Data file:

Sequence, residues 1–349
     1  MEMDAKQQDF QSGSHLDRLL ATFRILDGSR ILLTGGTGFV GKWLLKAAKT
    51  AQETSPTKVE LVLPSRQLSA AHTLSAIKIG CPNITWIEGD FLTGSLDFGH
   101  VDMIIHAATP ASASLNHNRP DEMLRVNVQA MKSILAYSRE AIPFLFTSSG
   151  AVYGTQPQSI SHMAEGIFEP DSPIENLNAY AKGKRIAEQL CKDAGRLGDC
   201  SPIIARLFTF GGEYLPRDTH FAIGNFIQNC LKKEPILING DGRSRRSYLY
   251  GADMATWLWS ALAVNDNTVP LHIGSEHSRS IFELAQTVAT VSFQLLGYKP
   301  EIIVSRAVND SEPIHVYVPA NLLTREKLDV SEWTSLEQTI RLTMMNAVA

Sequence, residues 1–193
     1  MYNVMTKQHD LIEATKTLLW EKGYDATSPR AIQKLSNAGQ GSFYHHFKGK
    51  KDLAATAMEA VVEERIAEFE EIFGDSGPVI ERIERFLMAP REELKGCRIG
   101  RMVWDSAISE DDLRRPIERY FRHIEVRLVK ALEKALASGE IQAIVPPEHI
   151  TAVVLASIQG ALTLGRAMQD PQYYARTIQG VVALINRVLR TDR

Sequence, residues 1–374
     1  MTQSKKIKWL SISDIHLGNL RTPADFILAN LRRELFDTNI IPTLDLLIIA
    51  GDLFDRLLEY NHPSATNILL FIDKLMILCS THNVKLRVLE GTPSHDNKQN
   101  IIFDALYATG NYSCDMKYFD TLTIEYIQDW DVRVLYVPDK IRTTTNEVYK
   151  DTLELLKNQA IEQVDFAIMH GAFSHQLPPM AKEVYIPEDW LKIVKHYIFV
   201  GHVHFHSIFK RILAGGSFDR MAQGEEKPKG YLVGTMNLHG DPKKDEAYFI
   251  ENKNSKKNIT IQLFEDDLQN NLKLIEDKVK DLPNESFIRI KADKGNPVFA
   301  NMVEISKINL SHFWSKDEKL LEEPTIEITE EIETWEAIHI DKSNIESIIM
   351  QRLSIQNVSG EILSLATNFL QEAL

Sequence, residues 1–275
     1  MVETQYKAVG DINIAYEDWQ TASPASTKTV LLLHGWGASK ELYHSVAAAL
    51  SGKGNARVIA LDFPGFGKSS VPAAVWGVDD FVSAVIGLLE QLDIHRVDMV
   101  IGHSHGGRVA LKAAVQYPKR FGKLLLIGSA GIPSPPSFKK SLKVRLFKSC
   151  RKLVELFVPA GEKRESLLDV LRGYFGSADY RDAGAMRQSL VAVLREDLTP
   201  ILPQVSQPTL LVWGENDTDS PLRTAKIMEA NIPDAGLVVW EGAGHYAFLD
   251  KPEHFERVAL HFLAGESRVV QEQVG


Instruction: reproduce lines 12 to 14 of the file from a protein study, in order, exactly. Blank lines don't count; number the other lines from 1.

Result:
   101  RMVWDSAISE DDLRRPIERY FRHIEVRLVK ALEKALASGE IQAIVPPEHI
   151  TAVVLASIQG ALTLGRAMQD PQYYARTIQG VVALINRVLR TDR

Sequence, residues 1–374